A peptide c-Jun N-terminal kinase (JNK) inhibitor blocks mechanical allodynia after spinal nerve ligation: respective roles of JNK activation in primary sensory neurons and spinal astrocytes for neuropathic pain development and maintenance.
Optimal management of neuropathic pain is a major clinical challenge. We investigated the involvement of c-Jun N-terminal kinase (JNK) in neuropathic pain produced by spinal nerve ligation (SNL) (L5). SNL induced a slow (>3 d) and persistent (>21 d) activation of JNK, in particular JNK1, in GFAP-expressing astrocytes in the spinal cord. In contrast, p38 mitogen-activated protein kinase activation was found in spinal microglia after SNL, which had fallen to near basal level by 21 d. Intrathecal infusion of a JNK peptide inhibitor, D-JNKI-1, did not affect normal pain responses but potently prevented and reversed SNL-induced mechanical allodynia, a major symptom of neuropathic pain. Intrathecal D-JNKI-1 also suppressed SNL-induced phosphorylation of the JNK substrate, c-Jun, in spinal astrocytes. However, SNL-induced upregulation of GFAP was not attenuated by spinal D-JNKI-1 infusion. Furthermore, SNL induced a rapid (<12 h) but transient activation of JNK in the L5 (injured) but not L4 (intact) DRG. JNK activation in the DRG was mainly found in small-sized C-fiber neurons. Infusion of D-JNKI-1 into the L5 DRG prevented but did not reverse SNL-induced mechanical allodynia. Finally, intrathecal administration of an astroglial toxin, l-alpha-aminoadipate, reversed mechanical allodynia. Our data suggest that JNK activation in the DRG and spinal cord play distinct roles in regulating the development and maintenance of neuropathic pain, respectively, and that spinal astrocytes contribute importantly to the persistence of mechanical allodynia. Targeting the JNK pathway in spinal astroglia may present a new and efficient way to treat neuropathic pain symptoms.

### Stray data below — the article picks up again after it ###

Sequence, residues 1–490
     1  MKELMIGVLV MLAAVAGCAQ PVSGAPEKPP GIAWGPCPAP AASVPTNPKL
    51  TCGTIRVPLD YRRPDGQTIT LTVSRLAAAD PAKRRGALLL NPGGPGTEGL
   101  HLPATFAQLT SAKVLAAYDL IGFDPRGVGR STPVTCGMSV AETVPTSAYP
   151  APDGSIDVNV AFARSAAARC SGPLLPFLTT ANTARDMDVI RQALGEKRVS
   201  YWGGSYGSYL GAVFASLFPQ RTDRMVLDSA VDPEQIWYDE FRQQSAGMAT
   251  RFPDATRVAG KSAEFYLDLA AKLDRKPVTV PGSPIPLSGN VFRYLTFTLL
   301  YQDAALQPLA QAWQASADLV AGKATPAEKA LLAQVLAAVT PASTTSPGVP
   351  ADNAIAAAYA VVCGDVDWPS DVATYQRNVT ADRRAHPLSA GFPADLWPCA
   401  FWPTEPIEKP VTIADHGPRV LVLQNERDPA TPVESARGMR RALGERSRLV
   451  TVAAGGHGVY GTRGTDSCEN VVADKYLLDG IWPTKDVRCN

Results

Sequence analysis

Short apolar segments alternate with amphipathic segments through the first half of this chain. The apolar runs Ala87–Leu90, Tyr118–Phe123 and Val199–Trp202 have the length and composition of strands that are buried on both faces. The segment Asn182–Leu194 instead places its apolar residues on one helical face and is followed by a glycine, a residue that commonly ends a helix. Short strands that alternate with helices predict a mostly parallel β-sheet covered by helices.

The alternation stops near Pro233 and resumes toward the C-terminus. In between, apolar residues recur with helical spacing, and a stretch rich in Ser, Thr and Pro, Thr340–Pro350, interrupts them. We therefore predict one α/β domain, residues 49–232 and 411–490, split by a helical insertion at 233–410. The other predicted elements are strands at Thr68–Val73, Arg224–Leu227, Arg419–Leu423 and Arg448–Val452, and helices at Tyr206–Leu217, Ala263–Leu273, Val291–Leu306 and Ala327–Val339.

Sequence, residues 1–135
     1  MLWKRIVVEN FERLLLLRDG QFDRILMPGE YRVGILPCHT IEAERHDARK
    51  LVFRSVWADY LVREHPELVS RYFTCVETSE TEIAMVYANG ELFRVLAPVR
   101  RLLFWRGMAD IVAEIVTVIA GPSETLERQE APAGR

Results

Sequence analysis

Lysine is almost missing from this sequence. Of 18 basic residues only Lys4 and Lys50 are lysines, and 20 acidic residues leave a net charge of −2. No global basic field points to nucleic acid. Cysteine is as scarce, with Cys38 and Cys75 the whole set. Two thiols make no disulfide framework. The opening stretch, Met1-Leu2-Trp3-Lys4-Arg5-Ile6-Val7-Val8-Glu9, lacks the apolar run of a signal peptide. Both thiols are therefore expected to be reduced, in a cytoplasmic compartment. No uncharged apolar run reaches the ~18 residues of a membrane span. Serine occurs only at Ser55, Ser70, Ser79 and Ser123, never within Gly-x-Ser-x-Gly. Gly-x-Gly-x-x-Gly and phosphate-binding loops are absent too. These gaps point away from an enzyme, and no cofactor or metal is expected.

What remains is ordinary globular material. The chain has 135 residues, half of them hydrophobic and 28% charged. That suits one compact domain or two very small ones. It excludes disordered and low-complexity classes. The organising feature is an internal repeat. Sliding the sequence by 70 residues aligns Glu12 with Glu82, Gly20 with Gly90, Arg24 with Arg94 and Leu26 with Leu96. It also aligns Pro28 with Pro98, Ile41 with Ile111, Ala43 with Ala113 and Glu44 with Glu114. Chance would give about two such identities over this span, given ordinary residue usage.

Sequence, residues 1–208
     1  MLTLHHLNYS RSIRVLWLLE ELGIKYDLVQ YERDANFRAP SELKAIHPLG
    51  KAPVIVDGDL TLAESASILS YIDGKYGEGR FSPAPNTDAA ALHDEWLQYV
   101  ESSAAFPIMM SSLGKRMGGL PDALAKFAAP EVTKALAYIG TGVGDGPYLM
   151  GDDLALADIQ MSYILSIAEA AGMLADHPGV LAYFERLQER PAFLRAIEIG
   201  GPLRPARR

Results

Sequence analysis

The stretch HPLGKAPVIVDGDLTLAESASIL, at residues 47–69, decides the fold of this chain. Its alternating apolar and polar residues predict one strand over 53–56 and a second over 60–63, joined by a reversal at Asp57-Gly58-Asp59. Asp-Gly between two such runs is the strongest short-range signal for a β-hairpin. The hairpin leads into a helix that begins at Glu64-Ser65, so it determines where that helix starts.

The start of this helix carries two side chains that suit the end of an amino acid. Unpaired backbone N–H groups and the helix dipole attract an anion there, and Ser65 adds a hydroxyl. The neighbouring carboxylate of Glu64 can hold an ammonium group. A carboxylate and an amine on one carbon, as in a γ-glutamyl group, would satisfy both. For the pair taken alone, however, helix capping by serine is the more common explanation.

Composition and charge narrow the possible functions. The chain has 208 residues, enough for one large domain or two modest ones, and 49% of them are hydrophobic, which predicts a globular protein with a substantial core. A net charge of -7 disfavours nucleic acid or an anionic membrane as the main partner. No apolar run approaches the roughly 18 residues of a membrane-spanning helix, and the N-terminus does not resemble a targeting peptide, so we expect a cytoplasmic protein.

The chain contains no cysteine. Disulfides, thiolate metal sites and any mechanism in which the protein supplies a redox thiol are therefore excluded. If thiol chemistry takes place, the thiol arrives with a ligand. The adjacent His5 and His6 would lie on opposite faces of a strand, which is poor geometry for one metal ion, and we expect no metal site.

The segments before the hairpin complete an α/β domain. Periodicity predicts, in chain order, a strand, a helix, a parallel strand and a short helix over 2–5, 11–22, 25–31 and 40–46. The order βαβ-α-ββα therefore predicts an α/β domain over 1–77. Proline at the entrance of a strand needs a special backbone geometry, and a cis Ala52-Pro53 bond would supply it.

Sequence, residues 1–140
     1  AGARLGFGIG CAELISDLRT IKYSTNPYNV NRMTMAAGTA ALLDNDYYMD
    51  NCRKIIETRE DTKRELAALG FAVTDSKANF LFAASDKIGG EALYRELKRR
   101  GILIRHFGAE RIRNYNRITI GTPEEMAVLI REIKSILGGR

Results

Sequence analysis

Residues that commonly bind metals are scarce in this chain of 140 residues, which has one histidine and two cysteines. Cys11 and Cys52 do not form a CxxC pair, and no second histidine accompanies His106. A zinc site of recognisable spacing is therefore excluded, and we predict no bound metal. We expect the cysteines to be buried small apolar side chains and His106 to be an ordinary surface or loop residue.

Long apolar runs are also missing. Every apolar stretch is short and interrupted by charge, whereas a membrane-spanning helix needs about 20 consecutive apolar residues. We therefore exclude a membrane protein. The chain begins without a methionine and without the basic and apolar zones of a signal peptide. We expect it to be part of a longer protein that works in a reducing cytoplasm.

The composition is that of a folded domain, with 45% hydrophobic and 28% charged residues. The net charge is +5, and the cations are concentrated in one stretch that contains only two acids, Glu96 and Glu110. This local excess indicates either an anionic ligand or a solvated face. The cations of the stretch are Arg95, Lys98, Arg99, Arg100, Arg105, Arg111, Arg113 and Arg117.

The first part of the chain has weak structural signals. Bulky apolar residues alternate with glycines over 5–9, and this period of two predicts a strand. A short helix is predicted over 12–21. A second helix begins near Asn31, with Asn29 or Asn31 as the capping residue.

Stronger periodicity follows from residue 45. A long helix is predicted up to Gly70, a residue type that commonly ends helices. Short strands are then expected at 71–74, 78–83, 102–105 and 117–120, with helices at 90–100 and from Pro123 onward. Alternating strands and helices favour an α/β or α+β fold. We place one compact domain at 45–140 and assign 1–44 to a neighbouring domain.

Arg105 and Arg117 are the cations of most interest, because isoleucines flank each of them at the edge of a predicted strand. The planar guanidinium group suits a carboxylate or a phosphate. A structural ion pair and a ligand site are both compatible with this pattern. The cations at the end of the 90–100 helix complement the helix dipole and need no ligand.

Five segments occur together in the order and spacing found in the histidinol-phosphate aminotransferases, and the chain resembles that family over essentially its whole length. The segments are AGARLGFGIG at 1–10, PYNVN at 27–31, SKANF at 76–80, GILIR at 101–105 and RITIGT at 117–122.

Zhuang, Z-Y; Wen, Y-R; Zhang, D-R; Borsello, T; Bonny, C; Strichartz, GR; Decosterd, I; Ji, R-R
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